Volume I, Summary Report: A Roadmap to Deploy New Nuclear Power Plants in the United States by 2010:
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Nuclear power plants in the United States currently produce about 20 percent of the nation’s electricity. This nuclear-generated electricity is safe, clean and economical, and does not emit greenhouse gases. Continued and expanded reliance on nuclear energy is one key to meeting future demand for electricity in the U.S. and is called for in the National Energy Policy. Nevertheless, no new nuclear plants have been built in the U.S. in many years, and none are currently slated for construction.
The U.S. Department of Energy (DOE) has been working with the nuclear industry to establish a technical and regulatory foundation for the next generation of nuclear plants. The DOE Generation IV (Gen IV) Program is assembling a 30-year road map for advanced plant and fuel cycle research and development. To complement Gen IV, DOE also organized a Near-Term Deployment Group (NTDG) to examine prospects for the deployment of new nuclear plants in the U.S. during this decade, and to identify obstacles to deployment and actions for resolution.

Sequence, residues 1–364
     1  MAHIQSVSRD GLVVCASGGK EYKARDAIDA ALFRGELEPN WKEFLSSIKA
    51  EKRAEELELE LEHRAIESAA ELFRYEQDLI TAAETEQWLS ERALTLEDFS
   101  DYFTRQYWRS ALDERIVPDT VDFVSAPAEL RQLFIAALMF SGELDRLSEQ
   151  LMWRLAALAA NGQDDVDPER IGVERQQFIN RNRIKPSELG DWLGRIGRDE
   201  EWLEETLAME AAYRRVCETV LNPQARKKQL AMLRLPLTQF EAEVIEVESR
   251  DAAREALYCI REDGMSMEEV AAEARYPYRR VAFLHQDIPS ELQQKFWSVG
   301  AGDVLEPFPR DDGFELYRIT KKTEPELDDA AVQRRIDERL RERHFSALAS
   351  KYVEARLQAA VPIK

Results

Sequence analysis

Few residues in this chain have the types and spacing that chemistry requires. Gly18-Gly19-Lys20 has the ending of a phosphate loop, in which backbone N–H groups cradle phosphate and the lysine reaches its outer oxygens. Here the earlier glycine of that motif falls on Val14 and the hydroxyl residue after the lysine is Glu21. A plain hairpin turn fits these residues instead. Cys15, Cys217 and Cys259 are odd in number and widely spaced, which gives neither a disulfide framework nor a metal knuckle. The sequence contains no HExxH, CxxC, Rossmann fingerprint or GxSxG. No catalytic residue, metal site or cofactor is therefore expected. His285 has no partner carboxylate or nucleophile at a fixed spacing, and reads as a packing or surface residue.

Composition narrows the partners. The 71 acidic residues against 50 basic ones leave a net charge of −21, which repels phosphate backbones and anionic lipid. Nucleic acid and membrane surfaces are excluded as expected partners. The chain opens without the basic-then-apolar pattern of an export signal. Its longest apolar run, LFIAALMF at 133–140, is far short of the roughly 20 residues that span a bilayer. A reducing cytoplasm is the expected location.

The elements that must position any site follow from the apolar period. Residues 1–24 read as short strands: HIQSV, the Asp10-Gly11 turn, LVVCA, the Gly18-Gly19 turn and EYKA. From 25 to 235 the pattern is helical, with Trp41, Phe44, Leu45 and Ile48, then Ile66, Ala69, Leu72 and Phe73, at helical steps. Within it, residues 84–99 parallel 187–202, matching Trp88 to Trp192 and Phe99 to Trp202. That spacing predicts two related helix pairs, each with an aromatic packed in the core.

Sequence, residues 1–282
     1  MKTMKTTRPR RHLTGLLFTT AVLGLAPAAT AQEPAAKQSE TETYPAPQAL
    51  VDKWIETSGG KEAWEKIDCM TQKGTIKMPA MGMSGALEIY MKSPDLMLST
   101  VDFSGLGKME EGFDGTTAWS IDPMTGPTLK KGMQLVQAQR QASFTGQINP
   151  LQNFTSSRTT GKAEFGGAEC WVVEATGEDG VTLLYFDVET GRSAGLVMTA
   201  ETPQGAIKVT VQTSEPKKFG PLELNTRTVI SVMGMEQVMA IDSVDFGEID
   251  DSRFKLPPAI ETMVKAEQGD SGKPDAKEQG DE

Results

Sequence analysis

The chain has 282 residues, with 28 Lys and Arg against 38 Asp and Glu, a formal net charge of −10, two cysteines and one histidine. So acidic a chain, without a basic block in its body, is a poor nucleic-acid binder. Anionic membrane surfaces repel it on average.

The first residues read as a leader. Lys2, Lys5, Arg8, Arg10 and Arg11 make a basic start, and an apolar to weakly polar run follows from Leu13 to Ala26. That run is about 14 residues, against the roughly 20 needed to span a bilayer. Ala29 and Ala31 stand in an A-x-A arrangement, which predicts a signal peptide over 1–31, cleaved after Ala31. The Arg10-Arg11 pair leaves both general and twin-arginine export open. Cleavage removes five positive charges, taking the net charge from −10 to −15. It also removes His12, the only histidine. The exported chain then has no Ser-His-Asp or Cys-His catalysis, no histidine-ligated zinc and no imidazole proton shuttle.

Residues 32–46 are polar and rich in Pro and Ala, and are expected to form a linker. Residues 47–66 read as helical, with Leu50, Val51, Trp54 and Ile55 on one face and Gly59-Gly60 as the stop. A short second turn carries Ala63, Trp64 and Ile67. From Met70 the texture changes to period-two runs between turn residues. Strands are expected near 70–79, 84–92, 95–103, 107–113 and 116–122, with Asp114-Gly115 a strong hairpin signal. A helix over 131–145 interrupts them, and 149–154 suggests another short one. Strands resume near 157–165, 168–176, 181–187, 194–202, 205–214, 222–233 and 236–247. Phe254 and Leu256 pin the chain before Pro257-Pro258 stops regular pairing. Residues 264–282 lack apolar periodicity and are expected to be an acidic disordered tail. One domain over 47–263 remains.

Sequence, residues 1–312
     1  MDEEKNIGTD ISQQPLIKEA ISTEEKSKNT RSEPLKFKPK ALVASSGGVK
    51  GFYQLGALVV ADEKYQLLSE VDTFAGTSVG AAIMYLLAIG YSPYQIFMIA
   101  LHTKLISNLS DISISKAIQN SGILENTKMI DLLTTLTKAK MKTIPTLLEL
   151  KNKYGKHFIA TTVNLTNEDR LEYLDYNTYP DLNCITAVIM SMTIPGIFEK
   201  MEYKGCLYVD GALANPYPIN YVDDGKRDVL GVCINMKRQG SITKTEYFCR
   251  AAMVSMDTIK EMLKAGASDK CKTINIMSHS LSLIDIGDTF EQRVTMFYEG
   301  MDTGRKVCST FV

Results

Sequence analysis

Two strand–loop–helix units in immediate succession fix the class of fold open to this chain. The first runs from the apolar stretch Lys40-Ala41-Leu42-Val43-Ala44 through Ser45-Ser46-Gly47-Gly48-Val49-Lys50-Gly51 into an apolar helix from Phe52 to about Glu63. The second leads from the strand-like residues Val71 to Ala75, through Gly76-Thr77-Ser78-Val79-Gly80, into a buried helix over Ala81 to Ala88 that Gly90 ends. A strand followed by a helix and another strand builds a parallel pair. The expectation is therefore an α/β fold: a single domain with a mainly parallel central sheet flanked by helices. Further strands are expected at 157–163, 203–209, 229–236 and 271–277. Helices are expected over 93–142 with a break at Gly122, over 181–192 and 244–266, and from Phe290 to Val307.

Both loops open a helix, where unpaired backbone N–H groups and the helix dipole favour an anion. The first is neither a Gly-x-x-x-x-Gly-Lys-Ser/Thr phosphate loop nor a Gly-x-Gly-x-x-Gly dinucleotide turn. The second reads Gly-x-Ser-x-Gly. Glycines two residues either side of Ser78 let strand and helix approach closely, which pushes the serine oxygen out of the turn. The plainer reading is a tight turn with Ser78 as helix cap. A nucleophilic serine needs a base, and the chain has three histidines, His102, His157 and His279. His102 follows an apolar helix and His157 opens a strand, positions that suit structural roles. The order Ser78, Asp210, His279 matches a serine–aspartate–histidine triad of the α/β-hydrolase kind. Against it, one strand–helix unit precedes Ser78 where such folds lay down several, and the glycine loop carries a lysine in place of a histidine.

The NTDG membership includes senior and experienced personnel from nuclear utilities, reactor vendors, national laboratories, and academia. It is co-chaired by executives from Duke Engineering & Services and Southern Nuclear Operating Company.
Since commencing its work in February 2001, the NTDG has evaluated a wide spectrum of factors that could affect prospects for near term deployment of new nuclear plants as well as the readiness and technical suitability of various new plant designs identified as candidates for deployment in that time frame.
This report consists of two volumes: Volume I, this Summary Report, is a synopsis of the NTDG evaluations, conclusions and recommendations. Volume II, the Near-Term Deployment Roadmap, is a comprehensive report of the group’s work, including descriptions of the candidate designs that have been evaluated, the methods of evaluation, and the institutional, regulatory, technical and economic factors considered.